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Rated: 13+ · Short Story · Action/Adventure · #2321229
A lighthouse keeper investigates a flashing light in a storm.

This was the third night of the storm. From the window near the top of the winding staircase, Arnold watched the dark ocean heaving and raging at the lighthouse’s foundation rock. Lightning gave sudden, startling visions of the rain and wind wrestling with the waves and the intermittent beam from the lantern above swept through the night, veiled in squalls of spray and driven rain.

Arnold hadn’t seen a storm this bad for more than five years. And that was the one that had taken the Henrietta Marques. He’d been assistant keeper at the time and he and old Harry Norne had had gone out into the storm to rescue those they could.

There hadn’t been many.

Most of the crew were gone, either ripped apart when the old ship broke her back on the rocks, or drowned and smashed between the lashing waves and hard bones of the tiny island. It was a sad, half frozen little group that huddled in the shelter of the lighthouse when all hope had gone.

The constant vibration under his feet, caused by the ocean’s hammering away at the lighthouse rock, brought Arnold back to the present. He was the keeper now, promoted after Harry’s death last spring. And no assistant had been appointed as yet.

Not that Arnold minded. He preferred his own company and the daily routine of maintenance demanded by the job. A new workmate would only force him to adjust his ways to fit with another. Arnold was not good with societal niceties and he knew it. That was why he’d applied for the job in the first place.

And then, in the darkness interrupted at intervals by the lightning and the lantern beam, he saw another light, just a flash, far off and close to the horizon. His eyes narrowed in the effort to pierce the darkness and see the light again. It came, another brief stab of light, and was gone.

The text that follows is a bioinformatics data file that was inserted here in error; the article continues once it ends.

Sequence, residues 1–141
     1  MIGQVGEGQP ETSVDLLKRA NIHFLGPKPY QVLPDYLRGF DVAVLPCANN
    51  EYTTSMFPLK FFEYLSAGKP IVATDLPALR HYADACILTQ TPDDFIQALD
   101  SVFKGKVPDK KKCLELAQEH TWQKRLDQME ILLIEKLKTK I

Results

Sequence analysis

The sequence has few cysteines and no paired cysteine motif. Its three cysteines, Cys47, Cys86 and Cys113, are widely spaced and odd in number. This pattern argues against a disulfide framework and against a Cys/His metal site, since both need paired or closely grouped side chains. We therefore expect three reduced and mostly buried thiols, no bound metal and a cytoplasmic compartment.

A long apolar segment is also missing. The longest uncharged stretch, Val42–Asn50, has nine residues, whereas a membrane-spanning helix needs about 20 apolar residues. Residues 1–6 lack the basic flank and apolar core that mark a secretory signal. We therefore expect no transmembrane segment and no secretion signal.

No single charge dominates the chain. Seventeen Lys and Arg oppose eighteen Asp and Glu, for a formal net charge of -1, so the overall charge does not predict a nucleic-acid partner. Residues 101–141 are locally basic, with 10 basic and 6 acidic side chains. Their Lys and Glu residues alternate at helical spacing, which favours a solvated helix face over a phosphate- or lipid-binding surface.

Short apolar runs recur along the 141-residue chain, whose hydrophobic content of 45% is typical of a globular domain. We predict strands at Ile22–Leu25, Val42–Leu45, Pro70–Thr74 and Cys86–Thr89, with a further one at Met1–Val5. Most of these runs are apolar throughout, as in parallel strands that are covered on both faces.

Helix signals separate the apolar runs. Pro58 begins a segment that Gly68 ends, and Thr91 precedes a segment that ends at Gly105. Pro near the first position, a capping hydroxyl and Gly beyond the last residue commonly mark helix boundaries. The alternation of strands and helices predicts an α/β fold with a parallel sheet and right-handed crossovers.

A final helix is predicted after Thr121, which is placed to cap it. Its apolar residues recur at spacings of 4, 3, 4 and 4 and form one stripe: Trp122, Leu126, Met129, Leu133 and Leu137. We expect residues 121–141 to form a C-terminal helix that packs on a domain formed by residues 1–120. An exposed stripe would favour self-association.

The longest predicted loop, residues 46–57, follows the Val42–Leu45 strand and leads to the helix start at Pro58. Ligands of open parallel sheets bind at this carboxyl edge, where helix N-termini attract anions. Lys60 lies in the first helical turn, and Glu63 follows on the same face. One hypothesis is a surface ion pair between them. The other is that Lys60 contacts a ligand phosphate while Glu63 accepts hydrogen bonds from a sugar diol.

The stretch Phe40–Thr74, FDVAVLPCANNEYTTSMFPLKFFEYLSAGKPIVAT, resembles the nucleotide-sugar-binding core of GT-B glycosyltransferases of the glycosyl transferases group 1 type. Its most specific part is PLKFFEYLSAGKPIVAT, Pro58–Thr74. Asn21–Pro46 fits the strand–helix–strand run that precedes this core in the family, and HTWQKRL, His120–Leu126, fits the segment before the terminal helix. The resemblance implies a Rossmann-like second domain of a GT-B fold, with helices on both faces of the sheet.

It had to be a ship, way out in the ocean and deep in the troughs between the waves, its masthead light showing only when the vessel was carried high enough on the swell. Arnold watched intently as the light came again and again.

He expected it to travel in a westerly direction, the usual route past his little outpost. But the light stayed resolutely in one place, only growing slightly brighter as time passed. Arnold realised that the ship must be heading directly toward him, as though attracted like a moth to the lighthouse lantern. But surely the crew must know that his light meant something to be avoided, that he warned only of danger that could kill them all?

Still the light grew brighter, and now it held steady for longer, only swinging in great arcs through the blackness as the ship rode the waves. It looked as though…

Arnold turned away, hurried down the stairs, taking huge steps in his haste. Once down on the ground floor, he threw open the closet and yanked his oilskins from the peg. It was a matter of moments before he had shrugged his way into them, then he was kicking off his shoes, to be replaced with his high, waterproof boots. The sou’wester was last and then he was rattling at the door handle, desperate to drag it open. The wind sucked at it from outside, as though bent on preventing him, and then suddenly relented and bent its full force on it.

The door slammed open and Arnold fought his way through the gale to exit the house. The shock of the cold and wind battered at him so that he stumbled but he held his own against it, determined that, if the ship were going to wreck upon his rock, he be there to help the men to safety. He staggered to the seaward side of the lighthouse.

The ship’s light was closer now, visible most of the time, and the great, dark bulk of the vessel sensed rather than seen, below it. It was very close. Arnold braced himself against the wall of the lighthouse and waited for the ship to hurl itself on the rocks. There was no way to warn it of the danger and too late for it to turn aside. It came on, growing taller and darker as its vague outline began to hide the lightning flashes from far out at sea.

On came the enormous darkness until it towered over Arnold and he realised the danger that he himself was in. At this rate and course, the ship must crash directly on to the rocks, riding them until it reached the lighthouse and crushed him like a bug beneath its vast weight.

Pinned against the wall by the ferocity of the gale, Arnold watched in horror as the bows towered above him, seemingly pausing for a brief moment as the hull groaned and shrieked across the rocks. And then the lightning flashed immediately overhead, illuminating the scene in a white light of intense and searing brightness. Arnold could read the name of the ship in that instant, in clear white lettering emblazoned either side of the bow.

Henrietta Marques it read.

And then the ship disappeared and Arnold was left alone, untouched, in the howling rain and wind.

Word count: 880
For: "Game of Thrones" The North Remembers, Travel Marvel, Prompt 9
Prompt: Set your story in a lighthouse surrounded by powerful gale-force winds.
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